FAQs about cladding and fire safety remediation costs

 22 February 2022: Please note, we’re aware of the latest announcements made by Michael Gove, the Secretary of State for Levelling Up, Housing and Communities about building safety.

Once our teams have been able to review and receive further details and clarity behind these announcements, we’ll update affected leaseholders about what the new measures mean for their building. This also means some of our FAQs on this page for residents affected by building fire safety issues could be subject to change. 

What's the latest position following the announcement made by the Secretary of State for Levelling Up, Housing and Communities about building safety on 10 January 2022 and 14 February 2022?

We’re pleased Government are working towards a solution to fund the cost of fire remediation work and give leaseholders the protection they need. We agree that the developers, contractors and manufacturers who contributed to the building safety crisis should be held accountable. We’re continuing to pursue developers and other third parties for costs. 

We’ve also consistently lobbied for a solution which protects all our affected leaseholders from building safety costs. We welcome the Government’s proposed cap on leaseholder costs (£10,000 for homes outside London and £15,000 for homes in the capital). We’re seeking clarity on exactly what this will cover together with timescales for implementation.

Paul Hackett, Optivo’s Chief Executive, met with government officials recently alongside other housing association leaders. At the meeting we emphasised the importance of government releasing further information as soon as possible. Our leaseholders need clarity, reassurance and an end to the uncertainty they’ve faced over recent years.

Meanwhile, we’re continuing to review the new advice for assessing building safety, particularly PAS 9980 which government published in January.  We’re also awaiting the related Fire Safety Act Commencement Guidance. Once issued this will coincide with a Commencement Order, bringing the new Fire Safety Act into force. This is also expected to introduce a “building prioritisation tool” which will propose a risk-based assessment which we’ll then carry out on all of our blocks. 

Once our teams have been able to review the details behind these announcements, we’ll update affected leaseholders about what the new measures mean for their building. 

Due to the national shortage of fire engineers it’s difficult to give specific timescales at the moment. This shortage means it’s a challenge for us to reassess our blocks. We’re mindful any delay prevents leaseholders selling or re-mortgaging their homes and prolongs uncertainty and anxiety.

Our approach to fire safety will remain proportionate and we’ll only carry out works where they’re required. Keeping our residents safe in their building remains our number one priority.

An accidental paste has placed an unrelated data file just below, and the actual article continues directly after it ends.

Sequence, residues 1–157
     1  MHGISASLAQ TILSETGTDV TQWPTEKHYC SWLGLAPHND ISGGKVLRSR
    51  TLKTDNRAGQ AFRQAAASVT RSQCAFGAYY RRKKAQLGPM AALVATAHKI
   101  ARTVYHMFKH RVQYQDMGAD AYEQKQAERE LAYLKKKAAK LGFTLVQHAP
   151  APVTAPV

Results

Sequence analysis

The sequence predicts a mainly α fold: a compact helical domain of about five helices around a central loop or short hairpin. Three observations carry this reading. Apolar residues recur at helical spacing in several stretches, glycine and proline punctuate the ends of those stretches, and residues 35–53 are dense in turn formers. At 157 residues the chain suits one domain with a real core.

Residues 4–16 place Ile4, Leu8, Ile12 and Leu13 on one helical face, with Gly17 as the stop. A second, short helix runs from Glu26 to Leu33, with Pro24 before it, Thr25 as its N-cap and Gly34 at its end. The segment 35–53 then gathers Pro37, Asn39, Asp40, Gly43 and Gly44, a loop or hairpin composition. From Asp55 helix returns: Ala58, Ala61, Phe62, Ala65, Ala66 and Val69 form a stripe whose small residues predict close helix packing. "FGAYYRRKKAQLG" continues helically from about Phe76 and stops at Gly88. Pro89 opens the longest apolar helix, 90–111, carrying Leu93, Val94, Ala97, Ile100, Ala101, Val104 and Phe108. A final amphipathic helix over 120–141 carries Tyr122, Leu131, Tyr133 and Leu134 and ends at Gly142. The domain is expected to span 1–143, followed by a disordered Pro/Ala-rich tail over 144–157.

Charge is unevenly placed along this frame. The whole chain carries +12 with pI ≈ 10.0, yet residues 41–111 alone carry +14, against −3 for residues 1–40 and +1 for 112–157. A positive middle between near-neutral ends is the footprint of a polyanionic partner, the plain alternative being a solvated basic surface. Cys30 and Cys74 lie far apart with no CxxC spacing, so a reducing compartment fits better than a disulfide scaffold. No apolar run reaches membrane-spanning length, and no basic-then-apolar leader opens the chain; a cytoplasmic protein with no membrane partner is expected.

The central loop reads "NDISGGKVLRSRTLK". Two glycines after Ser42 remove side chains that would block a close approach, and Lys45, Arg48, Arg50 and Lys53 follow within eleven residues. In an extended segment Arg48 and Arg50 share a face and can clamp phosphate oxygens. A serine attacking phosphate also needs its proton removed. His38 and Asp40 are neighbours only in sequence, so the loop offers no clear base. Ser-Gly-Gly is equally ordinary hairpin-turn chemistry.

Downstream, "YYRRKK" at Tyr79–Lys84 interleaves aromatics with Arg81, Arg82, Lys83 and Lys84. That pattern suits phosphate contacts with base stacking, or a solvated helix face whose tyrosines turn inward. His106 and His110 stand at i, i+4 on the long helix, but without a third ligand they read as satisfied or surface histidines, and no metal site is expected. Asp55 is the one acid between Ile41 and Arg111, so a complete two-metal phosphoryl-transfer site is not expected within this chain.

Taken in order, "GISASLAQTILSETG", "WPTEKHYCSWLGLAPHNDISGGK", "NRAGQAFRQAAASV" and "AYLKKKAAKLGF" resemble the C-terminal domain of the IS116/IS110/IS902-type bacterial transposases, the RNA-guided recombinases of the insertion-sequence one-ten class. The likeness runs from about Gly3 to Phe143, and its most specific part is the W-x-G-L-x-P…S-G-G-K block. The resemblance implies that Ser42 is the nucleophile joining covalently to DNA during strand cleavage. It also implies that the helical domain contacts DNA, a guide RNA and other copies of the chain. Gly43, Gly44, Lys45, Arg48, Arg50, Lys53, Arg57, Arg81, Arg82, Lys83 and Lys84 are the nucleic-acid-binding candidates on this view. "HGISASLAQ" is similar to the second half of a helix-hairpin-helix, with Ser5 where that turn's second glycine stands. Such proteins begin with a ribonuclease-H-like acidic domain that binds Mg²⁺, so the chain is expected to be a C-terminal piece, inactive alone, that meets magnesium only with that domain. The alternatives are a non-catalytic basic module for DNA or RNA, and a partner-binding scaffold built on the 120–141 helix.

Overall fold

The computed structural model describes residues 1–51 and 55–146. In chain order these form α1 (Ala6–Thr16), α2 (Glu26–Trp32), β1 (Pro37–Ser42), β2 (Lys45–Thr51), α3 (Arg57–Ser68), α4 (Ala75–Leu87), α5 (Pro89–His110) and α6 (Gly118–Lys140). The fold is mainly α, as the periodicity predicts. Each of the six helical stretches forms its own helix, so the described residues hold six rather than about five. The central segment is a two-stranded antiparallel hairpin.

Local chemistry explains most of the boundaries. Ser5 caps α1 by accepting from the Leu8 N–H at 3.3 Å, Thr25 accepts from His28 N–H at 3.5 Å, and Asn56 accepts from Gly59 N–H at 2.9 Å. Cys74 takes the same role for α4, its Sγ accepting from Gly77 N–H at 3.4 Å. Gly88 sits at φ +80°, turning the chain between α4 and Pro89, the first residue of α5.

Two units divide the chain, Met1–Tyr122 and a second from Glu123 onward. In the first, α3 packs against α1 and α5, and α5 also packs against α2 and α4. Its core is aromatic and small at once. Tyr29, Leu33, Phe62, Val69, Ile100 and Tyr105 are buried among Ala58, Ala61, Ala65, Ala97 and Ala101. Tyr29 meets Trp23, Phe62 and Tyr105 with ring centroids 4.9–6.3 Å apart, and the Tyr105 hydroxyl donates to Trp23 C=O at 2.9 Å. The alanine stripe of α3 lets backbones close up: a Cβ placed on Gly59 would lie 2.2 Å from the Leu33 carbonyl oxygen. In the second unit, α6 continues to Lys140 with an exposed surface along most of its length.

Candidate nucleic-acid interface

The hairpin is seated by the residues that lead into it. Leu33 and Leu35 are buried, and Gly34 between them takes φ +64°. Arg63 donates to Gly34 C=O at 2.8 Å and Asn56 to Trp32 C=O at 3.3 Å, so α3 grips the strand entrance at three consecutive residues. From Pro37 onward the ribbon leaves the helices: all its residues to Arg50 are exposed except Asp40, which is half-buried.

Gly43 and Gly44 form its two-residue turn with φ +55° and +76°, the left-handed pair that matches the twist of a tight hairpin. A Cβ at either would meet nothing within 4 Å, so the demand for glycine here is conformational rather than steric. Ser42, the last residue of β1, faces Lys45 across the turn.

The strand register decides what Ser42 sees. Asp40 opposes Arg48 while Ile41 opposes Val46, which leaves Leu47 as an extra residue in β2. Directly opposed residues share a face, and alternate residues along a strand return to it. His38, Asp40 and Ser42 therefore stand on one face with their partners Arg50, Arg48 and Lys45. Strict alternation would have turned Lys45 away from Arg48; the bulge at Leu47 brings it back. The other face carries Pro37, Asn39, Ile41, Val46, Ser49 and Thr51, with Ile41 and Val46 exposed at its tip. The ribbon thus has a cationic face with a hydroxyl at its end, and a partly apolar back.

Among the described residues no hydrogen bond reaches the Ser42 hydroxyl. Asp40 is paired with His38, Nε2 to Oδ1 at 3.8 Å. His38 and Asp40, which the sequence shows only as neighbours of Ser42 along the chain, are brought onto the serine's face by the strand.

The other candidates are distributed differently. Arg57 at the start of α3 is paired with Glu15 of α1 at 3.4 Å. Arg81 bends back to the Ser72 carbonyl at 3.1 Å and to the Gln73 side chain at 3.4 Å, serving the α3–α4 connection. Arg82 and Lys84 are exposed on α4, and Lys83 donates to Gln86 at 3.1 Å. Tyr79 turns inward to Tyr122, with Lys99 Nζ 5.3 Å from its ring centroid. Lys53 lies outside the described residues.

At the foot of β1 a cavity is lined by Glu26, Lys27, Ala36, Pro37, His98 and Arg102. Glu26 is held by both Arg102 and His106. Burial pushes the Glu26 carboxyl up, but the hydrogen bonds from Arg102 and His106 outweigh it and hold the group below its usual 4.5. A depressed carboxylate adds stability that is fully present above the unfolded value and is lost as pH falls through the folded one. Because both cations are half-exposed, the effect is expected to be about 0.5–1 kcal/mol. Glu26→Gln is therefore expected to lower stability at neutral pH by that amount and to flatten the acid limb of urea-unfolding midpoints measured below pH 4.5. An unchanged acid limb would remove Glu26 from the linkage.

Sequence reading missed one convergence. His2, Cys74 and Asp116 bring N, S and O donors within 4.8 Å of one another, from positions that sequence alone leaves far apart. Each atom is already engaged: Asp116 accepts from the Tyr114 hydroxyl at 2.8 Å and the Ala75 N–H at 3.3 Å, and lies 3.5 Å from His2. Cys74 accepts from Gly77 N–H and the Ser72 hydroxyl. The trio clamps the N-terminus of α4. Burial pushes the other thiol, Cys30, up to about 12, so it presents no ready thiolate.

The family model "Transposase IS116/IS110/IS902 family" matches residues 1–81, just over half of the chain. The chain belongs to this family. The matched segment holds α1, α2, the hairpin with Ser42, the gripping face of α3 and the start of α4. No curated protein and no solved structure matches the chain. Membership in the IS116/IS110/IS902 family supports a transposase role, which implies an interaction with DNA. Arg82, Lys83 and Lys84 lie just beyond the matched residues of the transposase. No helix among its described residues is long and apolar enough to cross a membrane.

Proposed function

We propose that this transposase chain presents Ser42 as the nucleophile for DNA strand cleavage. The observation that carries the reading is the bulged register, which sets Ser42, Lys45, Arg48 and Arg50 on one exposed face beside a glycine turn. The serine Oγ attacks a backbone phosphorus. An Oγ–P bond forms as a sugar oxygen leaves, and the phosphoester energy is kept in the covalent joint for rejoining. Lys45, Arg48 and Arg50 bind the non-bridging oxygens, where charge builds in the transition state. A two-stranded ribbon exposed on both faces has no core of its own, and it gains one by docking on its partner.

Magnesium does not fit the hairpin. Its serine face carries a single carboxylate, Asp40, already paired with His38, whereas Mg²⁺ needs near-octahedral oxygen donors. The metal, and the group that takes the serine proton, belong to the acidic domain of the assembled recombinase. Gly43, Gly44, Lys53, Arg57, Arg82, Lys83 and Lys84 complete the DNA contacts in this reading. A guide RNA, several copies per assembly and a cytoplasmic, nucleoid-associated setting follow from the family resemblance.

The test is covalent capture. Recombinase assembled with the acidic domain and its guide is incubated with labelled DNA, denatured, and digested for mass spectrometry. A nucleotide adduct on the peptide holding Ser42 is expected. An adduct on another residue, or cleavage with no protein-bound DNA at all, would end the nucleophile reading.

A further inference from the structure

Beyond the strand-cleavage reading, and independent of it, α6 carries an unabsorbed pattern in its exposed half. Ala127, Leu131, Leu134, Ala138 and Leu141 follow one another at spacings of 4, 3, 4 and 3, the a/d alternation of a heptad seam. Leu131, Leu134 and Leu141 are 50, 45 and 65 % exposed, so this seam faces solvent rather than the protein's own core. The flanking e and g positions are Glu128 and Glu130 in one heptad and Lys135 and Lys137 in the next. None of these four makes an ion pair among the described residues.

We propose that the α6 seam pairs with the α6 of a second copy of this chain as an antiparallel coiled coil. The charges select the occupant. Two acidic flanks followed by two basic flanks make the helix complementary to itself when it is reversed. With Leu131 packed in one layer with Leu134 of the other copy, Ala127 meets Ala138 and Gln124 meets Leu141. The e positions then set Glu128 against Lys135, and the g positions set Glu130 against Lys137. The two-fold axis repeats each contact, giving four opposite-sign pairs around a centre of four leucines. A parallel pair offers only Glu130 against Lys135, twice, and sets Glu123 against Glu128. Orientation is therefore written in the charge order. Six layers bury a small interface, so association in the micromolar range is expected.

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Have you paused your fire safety remediation programme? 

In November 2021, we wrote to leaseholders in blocks where we were proposing to start works, letting them know that Optivo had paused planned remediation to external wall systems whilst we await new fire safety guidance from the Government. 

This followed the announcement by the Secretary of State on 8 November 2021 that the existing advice note would be revoked by government and replaced with new guidance. 

As we explained in our previous answer, we’ll be reviewing our fire risk assessments against the government’s new fire safety guidance advice which was issued in January 2022 and imminent legislation.

We've committed to reassessing all fire inspection reports on these buildings, so that we can reconsider what works (if any) need to be carried out to ensure compliance with the new guidance.

Fire safety works to internal areas where these are required will continue. We’ll continue to do everything we can to keep you safe in your building.

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Will you be charging leaseholders for fire safety remedial works?

We’ve always been clear that recharging leaseholders is a last resort. We want to reassure you, wherever possible, we’re continuing to vigorously explore all options to recover fire safety remediation costs from others.
This includes, where applicable, the Developer/Construction Team, the Warranty Provider and Building Safety Fund. We're aware of the Government's proposed cap on leaseholder costs (click here for further information).

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Why won't you (Optivo) just pay for the works?